By Paul Guzzo

Trinity Cafe bustled with holiday spirit on Christmas morning.

Santa Clause welcomed diners to the downtown Tampa cafe for the needy as a two-man band entertained them with holiday music.

A chef prepared a breakfast of steak and eggs that fed about 250 people and 32 waiters wearing Christmas colors served the food to those seated at the festively decorated tables.

Rev. Louis McGee was among those volunteers but it wasn’t too long ago that he was seated at one of the tables for a meal.

After losing his job and his home, McGee, 60, lived on Tampa’s streets for 11 years and frequented the cafe that has served more than 890,000 meals to the needy since it opened in 2001.

Through his faith and determination and with the help of others, McGee was able to get back on his feet. Today, the man who was once a symbol of the plight of the homeless is a symbol of hope for those experiencing tough times.

As he served the needy on Wednesday, McGee tried to deliver a message that would lift their spirits.

“I tell people that things can get better,” he said. “It’s important to hear because many stop believing that it can.”

“All of our volunteers have empathy,” said Trinity Café Program Director Cindy Davis “But Louis even more so because he has actually walked in their shoes. He had it all and then lost it, but found it again. I think the people we serve need to hear his story. It provides them with hope.”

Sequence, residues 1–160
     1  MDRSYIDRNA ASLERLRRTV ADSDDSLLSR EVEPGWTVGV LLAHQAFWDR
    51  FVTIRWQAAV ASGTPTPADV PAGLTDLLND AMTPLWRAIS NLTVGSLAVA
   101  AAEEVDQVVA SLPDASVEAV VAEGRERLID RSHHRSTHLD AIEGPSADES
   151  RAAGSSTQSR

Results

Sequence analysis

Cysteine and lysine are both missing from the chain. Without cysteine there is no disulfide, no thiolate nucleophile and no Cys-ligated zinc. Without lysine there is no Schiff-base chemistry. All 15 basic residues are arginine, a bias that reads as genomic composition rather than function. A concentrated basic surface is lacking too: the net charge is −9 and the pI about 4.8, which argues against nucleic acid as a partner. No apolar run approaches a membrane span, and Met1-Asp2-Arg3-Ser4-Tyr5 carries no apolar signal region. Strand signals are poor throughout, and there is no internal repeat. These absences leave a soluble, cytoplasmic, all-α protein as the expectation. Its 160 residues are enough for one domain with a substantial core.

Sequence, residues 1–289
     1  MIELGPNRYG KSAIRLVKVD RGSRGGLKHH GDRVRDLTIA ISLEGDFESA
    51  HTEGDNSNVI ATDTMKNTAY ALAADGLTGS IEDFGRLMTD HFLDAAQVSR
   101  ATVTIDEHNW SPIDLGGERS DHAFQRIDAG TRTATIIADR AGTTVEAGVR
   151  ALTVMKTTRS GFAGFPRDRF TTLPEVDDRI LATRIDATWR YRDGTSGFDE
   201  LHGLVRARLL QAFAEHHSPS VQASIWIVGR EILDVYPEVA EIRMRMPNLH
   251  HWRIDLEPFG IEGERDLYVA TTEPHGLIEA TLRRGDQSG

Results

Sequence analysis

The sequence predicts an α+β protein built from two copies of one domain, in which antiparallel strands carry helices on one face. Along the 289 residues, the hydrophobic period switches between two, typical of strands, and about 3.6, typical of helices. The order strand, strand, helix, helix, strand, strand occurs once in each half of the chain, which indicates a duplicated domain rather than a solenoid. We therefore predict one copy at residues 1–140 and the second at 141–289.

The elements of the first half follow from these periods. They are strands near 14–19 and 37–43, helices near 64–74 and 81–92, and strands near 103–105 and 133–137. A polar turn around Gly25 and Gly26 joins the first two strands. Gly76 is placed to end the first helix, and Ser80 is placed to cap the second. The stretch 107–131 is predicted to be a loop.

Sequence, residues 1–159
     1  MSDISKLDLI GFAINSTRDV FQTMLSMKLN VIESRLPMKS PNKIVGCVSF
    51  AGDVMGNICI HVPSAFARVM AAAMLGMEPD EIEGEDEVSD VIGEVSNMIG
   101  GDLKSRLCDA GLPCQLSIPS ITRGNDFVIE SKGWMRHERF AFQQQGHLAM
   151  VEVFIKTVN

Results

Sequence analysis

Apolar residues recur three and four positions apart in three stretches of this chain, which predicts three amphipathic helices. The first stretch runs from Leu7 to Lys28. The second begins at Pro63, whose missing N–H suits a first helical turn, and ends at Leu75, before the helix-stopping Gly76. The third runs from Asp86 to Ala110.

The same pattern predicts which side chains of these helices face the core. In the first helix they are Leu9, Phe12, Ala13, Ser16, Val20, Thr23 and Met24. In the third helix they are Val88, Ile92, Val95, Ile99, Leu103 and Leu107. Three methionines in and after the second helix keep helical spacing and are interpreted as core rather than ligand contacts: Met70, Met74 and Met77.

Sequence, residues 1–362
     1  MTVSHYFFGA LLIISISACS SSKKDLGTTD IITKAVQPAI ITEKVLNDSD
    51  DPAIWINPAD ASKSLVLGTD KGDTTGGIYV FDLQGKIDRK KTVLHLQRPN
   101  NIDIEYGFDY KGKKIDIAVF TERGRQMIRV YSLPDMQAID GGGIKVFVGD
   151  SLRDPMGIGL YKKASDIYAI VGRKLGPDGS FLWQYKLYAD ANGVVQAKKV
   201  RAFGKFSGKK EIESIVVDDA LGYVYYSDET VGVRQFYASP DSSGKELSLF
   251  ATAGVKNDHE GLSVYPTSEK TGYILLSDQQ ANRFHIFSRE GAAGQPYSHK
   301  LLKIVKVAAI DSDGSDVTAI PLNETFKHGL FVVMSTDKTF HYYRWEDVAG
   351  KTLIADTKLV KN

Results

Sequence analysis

In the 1990s, McGee was a beloved reverend at Ambassadors of Christ Church and a successful salesman. In his commission-based industry during the economic boom of that decade, he said would earn up to $1,000 a week. But he didn’t save, believing the good times would never end.

When the economy hit a downturn, so did his life.

“I see it all the time,” said Davis. “People with long careers suddenly catch a bad break and end up with nothing. It can happen to anyone.”

“I squandered it all away,” McGee said. “It was my fault.”

He did not always shoulder the blame, though.

It was August 2000 when McGee became homeless. Always a positive man who believed that God had a plan for him, he tried to continue living as though nothing but his address had changed.

He found an abandoned building in West Tampa and moved in. He continued to preach at his church, never allowing anyone to know his situation. He fed himself with food stamps, used the little money he earned as a reverend and by performing odd jobs around the community to buy himself dress slacks and collared shirts. And he made sure to find a facility where he could shower daily.

“No one wants to hire a homeless person,” he said. “I had to look like I was doing well. I didn’t look rich, but I didn’t look desperate.”

And he stayed clear of anyone who did not share his attitude.

“I didn’t want to be with anyone willing to spend their last dollar on a beer,” McGee said. “I needed to surround myself with positive people.”

Keeping that positive attitude proved difficult.

During those evenings when he was alone in the darkness, McGee said he would become angry. He sought to blame anyone but himself for his problems, even God, and abandoned his position as reverend.

“The hardest part of being homeless is keeping hope,” said McGee. “No one becomes homeless believing it will be permanent. They think it is temporary. But if they lose hope, homelessness can become their life.”

McGee said he was indeed having difficulty remaining optimistic.

Then he found the Trinity Café.

“Yes, we serve the homeless,” said Davis. “But we operate like a restaurant. We want our patrons to have a little bit of time each day when they are treated like they were prior to their bad fortune.”